Jean

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Wendie,

I am reletively new to this site and just read your postings about George coming home and all you went thru to get him home the first day. I am so happy to read the second day went bettter for both of you. I am sure each day will get easier (with occasional set-backs).

 

I can't wait for the day my boyfriend Bill can come home. I know it will be difficult but I miss him so much and I hate having to go to the rehab center each day to see him and having to share him with the thepapists who dont love him like I do. Your story give me hope and advice on what to be prepared for. Thanks!

 

Basically I just wanted to write to you and tell you YOU ARE MY HERO!!!! You are doing a great job and George is a lucky man to have you by his side. Keep up all the good work Wendie and know that you have helped me too.

Much love to you George,

Tina M

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Thanks for your kind replies....Today is Thanksgiving and my sister, her husband, her daughter and son-in-law (plus 2 kids) came in last night and prepared the Thanksgiving dinner for us. We didn't have to do a thing, plus a guy I work with and his wife brought us lunch over today. My neighbor behind me who has been mowing my yard ran to the grocery store and picked up some essentials and also made a big pot of Chicken soup, salads and dessert the other day. I am overwhelmed by the kindness of people.

I decided I needed to get some help and hired one of the agencies that has men that help with the tub showers and stuff like that so I will have tomorrow to go out and run errands and do some things I need to, plus get away from the house for a little while.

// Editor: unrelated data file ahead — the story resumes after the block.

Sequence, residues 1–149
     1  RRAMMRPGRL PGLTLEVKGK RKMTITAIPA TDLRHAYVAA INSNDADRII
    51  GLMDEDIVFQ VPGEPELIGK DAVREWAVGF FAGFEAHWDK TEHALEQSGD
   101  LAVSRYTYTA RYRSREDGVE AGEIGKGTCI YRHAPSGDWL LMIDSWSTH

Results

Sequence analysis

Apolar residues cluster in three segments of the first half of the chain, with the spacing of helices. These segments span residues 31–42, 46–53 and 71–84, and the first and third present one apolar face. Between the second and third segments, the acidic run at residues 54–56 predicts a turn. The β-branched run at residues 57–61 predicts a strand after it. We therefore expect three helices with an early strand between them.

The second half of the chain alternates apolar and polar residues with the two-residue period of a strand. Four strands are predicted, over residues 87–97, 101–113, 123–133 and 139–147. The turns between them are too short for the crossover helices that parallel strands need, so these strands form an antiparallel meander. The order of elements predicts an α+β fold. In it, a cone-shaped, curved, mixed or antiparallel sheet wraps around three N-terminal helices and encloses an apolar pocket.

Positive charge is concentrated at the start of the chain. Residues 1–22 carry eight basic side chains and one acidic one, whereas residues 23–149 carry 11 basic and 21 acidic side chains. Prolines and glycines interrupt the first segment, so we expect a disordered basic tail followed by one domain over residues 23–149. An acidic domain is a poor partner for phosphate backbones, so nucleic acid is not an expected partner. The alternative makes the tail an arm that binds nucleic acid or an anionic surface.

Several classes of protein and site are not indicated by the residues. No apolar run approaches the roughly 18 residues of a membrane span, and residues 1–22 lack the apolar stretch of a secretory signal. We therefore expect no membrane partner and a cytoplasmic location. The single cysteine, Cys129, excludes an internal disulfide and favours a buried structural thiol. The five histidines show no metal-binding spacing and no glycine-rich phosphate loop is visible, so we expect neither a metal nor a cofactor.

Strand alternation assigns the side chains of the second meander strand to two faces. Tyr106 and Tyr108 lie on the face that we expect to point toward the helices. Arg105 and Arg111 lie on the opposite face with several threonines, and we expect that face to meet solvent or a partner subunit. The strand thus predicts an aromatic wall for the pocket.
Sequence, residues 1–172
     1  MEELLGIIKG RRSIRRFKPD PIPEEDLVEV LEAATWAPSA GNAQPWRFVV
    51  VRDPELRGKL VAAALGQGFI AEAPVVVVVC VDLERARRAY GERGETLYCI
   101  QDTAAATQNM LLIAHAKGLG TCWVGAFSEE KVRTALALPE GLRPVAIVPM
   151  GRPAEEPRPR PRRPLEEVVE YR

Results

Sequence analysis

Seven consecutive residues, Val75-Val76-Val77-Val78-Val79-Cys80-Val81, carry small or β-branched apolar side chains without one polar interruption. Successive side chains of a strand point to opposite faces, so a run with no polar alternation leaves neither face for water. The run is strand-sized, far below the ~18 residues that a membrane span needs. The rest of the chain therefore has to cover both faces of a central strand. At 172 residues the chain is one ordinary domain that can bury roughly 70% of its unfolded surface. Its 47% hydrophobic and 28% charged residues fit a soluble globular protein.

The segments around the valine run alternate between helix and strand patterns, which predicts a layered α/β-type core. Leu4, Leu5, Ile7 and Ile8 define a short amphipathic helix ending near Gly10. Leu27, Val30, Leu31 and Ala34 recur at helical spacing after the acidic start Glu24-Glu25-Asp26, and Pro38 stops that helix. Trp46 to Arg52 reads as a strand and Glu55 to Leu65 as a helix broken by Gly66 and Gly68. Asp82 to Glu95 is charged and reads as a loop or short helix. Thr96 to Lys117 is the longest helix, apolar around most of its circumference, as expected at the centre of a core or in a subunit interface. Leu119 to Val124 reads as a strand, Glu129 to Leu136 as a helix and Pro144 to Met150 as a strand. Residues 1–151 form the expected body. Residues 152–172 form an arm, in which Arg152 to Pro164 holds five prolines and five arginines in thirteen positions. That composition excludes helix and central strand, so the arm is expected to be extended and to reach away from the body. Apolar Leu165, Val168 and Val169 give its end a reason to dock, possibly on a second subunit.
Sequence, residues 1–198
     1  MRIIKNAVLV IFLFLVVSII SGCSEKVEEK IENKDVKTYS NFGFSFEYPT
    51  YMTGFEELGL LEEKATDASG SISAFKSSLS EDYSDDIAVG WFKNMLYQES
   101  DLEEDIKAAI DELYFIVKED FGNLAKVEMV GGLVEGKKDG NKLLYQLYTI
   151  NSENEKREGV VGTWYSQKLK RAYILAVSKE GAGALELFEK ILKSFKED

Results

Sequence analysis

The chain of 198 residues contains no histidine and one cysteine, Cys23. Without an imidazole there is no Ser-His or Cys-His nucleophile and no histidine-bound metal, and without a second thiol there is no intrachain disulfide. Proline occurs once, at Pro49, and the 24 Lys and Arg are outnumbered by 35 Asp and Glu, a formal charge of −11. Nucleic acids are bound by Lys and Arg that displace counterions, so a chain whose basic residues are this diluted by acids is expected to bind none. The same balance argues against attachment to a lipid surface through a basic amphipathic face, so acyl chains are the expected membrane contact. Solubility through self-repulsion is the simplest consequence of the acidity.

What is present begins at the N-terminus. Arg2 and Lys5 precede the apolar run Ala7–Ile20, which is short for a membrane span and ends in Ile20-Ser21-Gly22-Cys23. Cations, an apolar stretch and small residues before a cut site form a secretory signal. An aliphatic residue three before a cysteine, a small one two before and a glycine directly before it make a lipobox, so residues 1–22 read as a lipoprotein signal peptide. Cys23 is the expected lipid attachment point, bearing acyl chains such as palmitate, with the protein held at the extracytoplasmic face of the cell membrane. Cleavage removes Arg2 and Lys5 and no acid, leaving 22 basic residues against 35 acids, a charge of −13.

Tina, I really appreciate your remarks, :cloud9: but it is not easy taking care of George at home. He is a big man and I have really worked hard this last week. He seems glad to be home though and that makes it worthwhile, but it is not a task that you can do yourself. You will need to have someone to help you. We didn't have anyone over the past weekend and that is how I decided that I will NEED help. The agencies charge somewhere between 14.75 and 15.50 an hour here but it will be worth it. I have found that the "insurance provided home health care" is ok, but the aides don't do shower baths and the therapists have only been here for their evaluations so I don't know what kind of therapy we will be getting. Insurance ONLY allowed for 4 nurse visits total!!!!! and they only certify week by week, so that is stressfull because you don't know if you will get insurance paid care next week????? :juggle: I have only worked parttime the past two weeks but I have to go back full time on Monday, need the paycheck! I have my office at home so I can be here but I am on the phone most of the day since I am in Customer Service so I can't just come and go at a moments notice.

 

I hope you all had a Happy Thanksgiving. I am thankful for so much!! George sleeps a lot but that is okay hopefully it will help his brain heal. He had a really bad stroke. He can talk some but not a whole lot and I deal with "incontinence" so he really requires 24/7 care. I know that is hard for him since he was completely independant before the stroke. STrokes really are devastating arent' they?

My prayers for you and your loved ones.

 

Wendie